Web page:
What is full spectrum lighting?

Full spectrum lighting is light that contains the entire visible spectrum of light, similar to natural sunlight. 

There is no singular, agreed-upon definition of what constitutes a full spectrum light bulb. Still, it is understood that a full spectrum light bulb replicates some of the essential qualities of natural light. Color rendering index (CRI) and color temperature represent two of the most essential and distinguishing values to determine how close a light source is to natural daylight.

Full spectrum lamps and light sources

1. Have a color rendering index (CRI) above 91. The color rendering index is a measure of a light source's ability to accurately reproduce the colors of various objects as compared with natural daylight. The index ranges from 0 to 100, 100 being the highest, and that of natural sunlight.

 2. Have a color temperature between 5000K and 6500K.* Represented in degrees Kelvin, natural daylight at noon is about 5600-6500K, though this number shifts according to geographic location and time of year. *Note that color temperature is not as important a factor as color rendering index when identifying full spectrum light.  

History and Research 

Scientific research in the 1960s has demonstrated the remarkable effects specific wavelengths of light have on all living things. Research has concluded that light containing the entire spectrum of wavelengths, from infrared to ultraviolet, is best for overall health and well-being. Interestingly, in the absence of natural sunlight, an artificial light source containing a fuller, more complete spectrum of visible light, particularly the blue wavelengths, would have just the same effect on plants as natural sunlight. And, just as plants need the sun and its full spectrum light to stimulate growth, so do we as humans need full spectrum light to trigger biological processes, which in turn promote focus, energy, and a better overall mood.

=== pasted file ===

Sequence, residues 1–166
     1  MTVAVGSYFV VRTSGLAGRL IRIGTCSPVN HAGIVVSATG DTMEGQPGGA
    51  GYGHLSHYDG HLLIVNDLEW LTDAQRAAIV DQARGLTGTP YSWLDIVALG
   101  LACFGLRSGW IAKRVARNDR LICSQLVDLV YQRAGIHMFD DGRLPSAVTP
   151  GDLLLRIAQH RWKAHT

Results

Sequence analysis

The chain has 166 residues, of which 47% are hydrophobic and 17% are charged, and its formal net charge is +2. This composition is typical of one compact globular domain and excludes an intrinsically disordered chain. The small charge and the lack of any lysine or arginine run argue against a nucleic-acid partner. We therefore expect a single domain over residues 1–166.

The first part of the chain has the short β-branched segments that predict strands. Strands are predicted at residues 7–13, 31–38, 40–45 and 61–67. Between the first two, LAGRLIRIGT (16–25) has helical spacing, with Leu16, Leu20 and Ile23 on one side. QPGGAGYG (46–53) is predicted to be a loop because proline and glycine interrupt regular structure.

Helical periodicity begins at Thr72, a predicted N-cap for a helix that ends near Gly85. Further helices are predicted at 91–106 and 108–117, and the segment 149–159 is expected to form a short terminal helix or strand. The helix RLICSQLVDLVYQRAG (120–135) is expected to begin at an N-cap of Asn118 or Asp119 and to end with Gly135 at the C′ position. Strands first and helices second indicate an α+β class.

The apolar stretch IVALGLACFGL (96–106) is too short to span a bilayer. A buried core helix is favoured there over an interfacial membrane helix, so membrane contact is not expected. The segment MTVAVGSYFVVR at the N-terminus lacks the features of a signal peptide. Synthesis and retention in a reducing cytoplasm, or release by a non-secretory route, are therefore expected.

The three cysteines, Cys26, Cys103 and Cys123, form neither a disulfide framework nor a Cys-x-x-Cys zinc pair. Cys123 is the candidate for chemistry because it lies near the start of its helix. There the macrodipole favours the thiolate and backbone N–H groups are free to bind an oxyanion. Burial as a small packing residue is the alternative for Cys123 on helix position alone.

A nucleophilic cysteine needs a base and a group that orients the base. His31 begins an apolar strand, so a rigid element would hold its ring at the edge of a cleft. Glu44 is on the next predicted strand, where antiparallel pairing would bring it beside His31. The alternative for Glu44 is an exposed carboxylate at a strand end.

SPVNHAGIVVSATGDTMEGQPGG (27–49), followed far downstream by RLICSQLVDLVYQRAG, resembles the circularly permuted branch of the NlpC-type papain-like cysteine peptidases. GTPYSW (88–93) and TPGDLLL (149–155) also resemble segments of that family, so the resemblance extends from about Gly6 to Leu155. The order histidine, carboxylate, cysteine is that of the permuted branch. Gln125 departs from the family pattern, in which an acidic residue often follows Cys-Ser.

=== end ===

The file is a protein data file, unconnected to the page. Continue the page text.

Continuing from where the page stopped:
Since a lack of natural sunlight decreases health and vitality, but we live much of our lives indoors, we should at least aim to get the most out of the lamps and light sources we use each day. This is why we believe all bulbs should be replaced with a full spectrum equivalent! Short of that, full spectrum light bulbs should be used when access to natural lighting is difficult.

Full spectrum lighting is also used in more therapeutic and concentrated bright light doses for the relief of symptoms due to the winter blues or seasonal affective disorder that affects some during the winter months. These light therapy boxes use either LED or fluorescent lights to deliver therapeutic doses of bright white light that our bodies perceive similarly to daylight, but are inherently different than full spectrum bulbs. Learn more about the difference between light therapy and full spectrum light bulbs. 

Which full spectrum light is right

People perceive colors differently, so the right full spectrum light bulb is a question of personal preference in addition to the intended application and use.

Apart from making for a beautiful home and improving how we see and feel at any time of the year, full spectrum light bulbs are also crucial for applications where high color rendering is essential, such as in art or photography. 

For residential applications, people may prefer a warmer light with a color temperature ranging between 3500K and 4500K as this color range is comforting and pleasing to the eye, while still delivering the useful health benefits of full spectrum lighting. 

For retail applications, people may want to choose a full spectrum lamp with more white light, with a color temperature ranging from 4000K to 5000K. In the office, aim for between 5000K and 6500K to increase alertness. 

In the end, no matter the type of full spectrum light you choose, by seeing and feeling better, you will enjoy doing what you love with increased comfort and joy under a better light. Now that's a real recipe for health and well-being!



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